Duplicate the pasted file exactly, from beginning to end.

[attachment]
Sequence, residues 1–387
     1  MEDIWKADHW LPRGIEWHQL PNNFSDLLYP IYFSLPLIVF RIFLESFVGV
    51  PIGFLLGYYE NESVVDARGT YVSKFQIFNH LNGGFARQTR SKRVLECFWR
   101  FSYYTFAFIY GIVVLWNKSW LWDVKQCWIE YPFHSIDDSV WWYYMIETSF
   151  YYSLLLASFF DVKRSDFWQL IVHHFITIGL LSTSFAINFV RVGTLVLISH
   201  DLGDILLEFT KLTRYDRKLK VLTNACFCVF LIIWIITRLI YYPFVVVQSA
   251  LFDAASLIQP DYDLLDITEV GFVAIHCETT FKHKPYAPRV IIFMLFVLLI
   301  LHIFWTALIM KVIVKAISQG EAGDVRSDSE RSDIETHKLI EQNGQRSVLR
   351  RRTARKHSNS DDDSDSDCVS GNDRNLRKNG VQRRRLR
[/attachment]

Sequence, residues 1–387
     1  MEDIWKADHW LPRGIEWHQL PNNFSDLLYP IYFSLPLIVF RIFLESFVGV
    51  PIGFLLGYYE NESVVDARGT YVSKFQIFNH LNGGFARQTR SKRVLECFWR
   101  FSYYTFAFIY GIVVLWNKSW LWDVKQCWIE YPFHSIDDSV WWYYMIETSF
   151  YYSLLLASFF DVKRSDFWQL IVHHFITIGL LSTSFAINFV RVGTLVLISH
   201  DLGDILLEFT KLTRYDRKLK VLTNACFCVF LIIWIITRLI YYPFVVVQSA
   251  LFDAASLIQP DYDLLDITEV GFVAIHCETT FKHKPYAPRV IIFMLFVLLI
   301  LHIFWTALIM KVIVKAISQG EAGDVRSDSE RSDIETHKLI EQNGQRSVLR
   351  RRTARKHSNS DDDSDSDCVS GNDRNLRKNG VQRRRLR